This is an example of the “deportation” and “expulsion” that characterized the era of “Removal” in the first half of the nineteenth century. You should definitely read Claudio Saunt’s important book on the subject if you have not.

The Texas Revolution, which began shortly after the signing of this treaty, complicated the Caddos’ removal. The Texans quickly won their independence from Mexico, a newly independent nation itself weakened in large part because of endemic Indian raiding. Large numbers of heavily armed Anglo‐American settlers in Texas led Comanches and their allies— Kiowas and others—to direct their attacks to other parts of northern Mexico. These raiders transformed the northern borders of Mexico into a zone of exploitation, from which they harvested tribute, acquired livestock, and other plunder. When Mexico’s economy collapsed under the weight of this raiding, the Comanches and their allies turned their attention eastwards toward Texas. The Lone Star Republic’s first president, Sam Houston, hoped to secure a peace with the neighboring Indigenous peoples. The Kiowas, Comanches, and Lipan Apaches, however, facing the viciousness of Texas Rangers who Houston could not control and who attacked and killed without remorse, had the ability to fight back with devastating effectiveness. To many Texans, Houston seemed weak and unable to protect them. In 1838, the Texans elected the Indian‐hating Mirabeau Lamar to replace Houston. Lamar promptly called for a war of extermination against Indigenous peoples in the republic, and his soldiers slaughtered men, women, and children. By the summer of 1839, Texan forces had burned villages belonging not only to the Caddos but to Cherokees, Shawnees, Delawares, Creeks, and Seminoles as well. Most fled into the Indian Territory, as white settlers took over their lands. It was truly vicious.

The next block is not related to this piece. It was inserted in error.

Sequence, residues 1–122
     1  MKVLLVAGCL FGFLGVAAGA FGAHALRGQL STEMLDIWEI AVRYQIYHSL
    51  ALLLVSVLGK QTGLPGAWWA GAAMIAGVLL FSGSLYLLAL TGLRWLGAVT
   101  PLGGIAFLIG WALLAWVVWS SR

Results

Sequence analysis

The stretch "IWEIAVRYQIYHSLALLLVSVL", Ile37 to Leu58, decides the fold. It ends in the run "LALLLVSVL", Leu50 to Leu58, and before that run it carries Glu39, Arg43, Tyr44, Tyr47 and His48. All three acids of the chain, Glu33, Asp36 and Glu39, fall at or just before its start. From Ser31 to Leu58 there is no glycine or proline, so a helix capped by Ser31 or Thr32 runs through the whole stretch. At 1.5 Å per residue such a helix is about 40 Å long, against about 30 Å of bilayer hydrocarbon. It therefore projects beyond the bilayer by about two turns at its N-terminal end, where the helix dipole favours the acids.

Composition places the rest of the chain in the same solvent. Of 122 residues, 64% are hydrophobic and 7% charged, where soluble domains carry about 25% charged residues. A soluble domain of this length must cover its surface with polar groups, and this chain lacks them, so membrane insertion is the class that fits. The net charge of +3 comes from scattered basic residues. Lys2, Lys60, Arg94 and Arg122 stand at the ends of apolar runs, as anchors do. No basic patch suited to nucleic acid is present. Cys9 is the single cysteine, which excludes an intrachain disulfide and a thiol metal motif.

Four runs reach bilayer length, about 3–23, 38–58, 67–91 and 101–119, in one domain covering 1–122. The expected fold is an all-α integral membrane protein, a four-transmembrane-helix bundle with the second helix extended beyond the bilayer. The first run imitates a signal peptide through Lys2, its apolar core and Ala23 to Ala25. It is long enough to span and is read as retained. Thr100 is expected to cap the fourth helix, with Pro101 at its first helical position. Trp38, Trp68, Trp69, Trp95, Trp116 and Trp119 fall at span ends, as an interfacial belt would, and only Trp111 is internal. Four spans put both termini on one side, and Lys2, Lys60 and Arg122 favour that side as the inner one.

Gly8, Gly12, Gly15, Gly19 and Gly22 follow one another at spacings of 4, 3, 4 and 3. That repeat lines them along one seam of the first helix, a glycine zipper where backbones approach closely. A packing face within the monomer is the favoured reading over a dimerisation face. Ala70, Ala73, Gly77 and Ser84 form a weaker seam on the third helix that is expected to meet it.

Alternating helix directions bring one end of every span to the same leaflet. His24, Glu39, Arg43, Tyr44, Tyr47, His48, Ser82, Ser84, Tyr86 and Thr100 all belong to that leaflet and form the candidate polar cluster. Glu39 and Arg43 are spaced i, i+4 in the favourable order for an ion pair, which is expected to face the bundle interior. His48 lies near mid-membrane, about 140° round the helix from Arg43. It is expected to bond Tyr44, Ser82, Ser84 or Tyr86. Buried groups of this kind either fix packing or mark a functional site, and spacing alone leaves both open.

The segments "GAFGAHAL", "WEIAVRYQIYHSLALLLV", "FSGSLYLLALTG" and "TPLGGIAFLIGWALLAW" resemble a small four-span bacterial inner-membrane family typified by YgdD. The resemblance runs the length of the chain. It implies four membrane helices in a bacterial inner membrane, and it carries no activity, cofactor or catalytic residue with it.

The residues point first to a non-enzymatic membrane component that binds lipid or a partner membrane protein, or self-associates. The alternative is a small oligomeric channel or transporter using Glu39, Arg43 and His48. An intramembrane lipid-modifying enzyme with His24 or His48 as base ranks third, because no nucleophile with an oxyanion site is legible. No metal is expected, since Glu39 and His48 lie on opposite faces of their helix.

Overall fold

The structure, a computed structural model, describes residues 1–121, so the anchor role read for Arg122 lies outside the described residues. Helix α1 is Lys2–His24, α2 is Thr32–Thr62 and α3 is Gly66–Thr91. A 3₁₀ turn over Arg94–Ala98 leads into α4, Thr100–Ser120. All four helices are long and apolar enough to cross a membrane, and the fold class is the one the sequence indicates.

Mirabeaulamar 2.jpg
Mirabeau Lamar

It was Lamar’s desire, he wrote, “to have the entire western country cleared of the enemy.” He openly declared his genocidal intent. Lamar reaped the whirlwind he had sown, as displaced Indigenous peoples raided Texas settlements. Kiowas and Comanches launched dozens of attacks. Some Caddo bands participated in these raids. But Kiowa, Comanche, and Caddo leaders learned Mas well that fighting the Texans could only result in death, destruction, and dispossession. Recognizing the need for unity and for peace, the Caddos welcomed the chance to return to Texas when Sam Houston once again became president. The Caddos agreed to assist Houston by serving as mediators between Texans and hostile Indians, and in return were permitted to settle on lands along the Brazos River. There they would serve as a buffer, protecting Texans from Comanches and Kiowas. When Texas became part of the United States, the federal commissioners negotiated a treaty with the Texas tribes, including the Caddos, in which the Caddos agreed to place themselves “under the protection of the United States.” Indians were a federal problem now. The Texans did little to assist the Caddos’ agent, Robert Neighbors, and began to push hard for the dispossession of the Texas Indians and their expulsion from the state. Many state residents found appealing once again the policies of extermination pursued by Mirabeau Lamar, and they accepted that chronic racial violence as the price of civilization was a vital component of the Texas creed.